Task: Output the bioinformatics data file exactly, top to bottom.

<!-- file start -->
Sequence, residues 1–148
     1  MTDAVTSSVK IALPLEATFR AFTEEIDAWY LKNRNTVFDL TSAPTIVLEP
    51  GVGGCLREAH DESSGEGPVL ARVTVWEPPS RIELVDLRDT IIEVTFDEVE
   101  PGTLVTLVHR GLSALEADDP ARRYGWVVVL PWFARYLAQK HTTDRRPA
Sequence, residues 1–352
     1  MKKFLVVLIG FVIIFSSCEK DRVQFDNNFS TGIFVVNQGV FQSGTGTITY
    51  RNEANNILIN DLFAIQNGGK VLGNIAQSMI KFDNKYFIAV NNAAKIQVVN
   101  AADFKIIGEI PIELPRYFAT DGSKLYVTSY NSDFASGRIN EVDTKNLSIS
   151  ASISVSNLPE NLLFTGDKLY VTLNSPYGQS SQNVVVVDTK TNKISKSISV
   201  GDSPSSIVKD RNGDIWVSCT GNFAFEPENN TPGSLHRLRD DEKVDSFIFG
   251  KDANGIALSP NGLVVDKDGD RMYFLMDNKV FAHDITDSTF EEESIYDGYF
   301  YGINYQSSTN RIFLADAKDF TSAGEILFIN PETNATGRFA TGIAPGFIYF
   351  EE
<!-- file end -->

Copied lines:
Sequence, residues 1–148
     1  MTDAVTSSVK IALPLEATFR AFTEEIDAWY LKNRNTVFDL TSAPTIVLEP
    51  GVGGCLREAH DESSGEGPVL ARVTVWEPPS RIELVDLRDT IIEVTFDEVE
   101  PGTLVTLVHR GLSALEADDP ARRYGWVVVL PWFARYLAQK HTTDRRPA
Sequence, residues 1–352
     1  MKKFLVVLIG FVIIFSSCEK DRVQFDNNFS TGIFVVNQGV FQSGTGTITY
    51  RNEANNILIN DLFAIQNGGK VLGNIAQSMI KFDNKYFIAV NNAAKIQVVN
   101  AADFKIIGEI PIELPRYFAT DGSKLYVTSY NSDFASGRIN EVDTKNLSIS
   151  ASISVSNLPE NLLFTGDKLY VTLNSPYGQS SQNVVVVDTK TNKISKSISV
   201  GDSPSSIVKD RNGDIWVSCT GNFAFEPENN TPGSLHRLRD DEKVDSFIFG
   251  KDANGIALSP NGLVVDKDGD RMYFLMDNKV FAHDITDSTF EEESIYDGYF
   301  YGINYQSSTN RIFLADAKDF TSAGEILFIN PETNATGRFA TGIAPGFIYF
   351  EE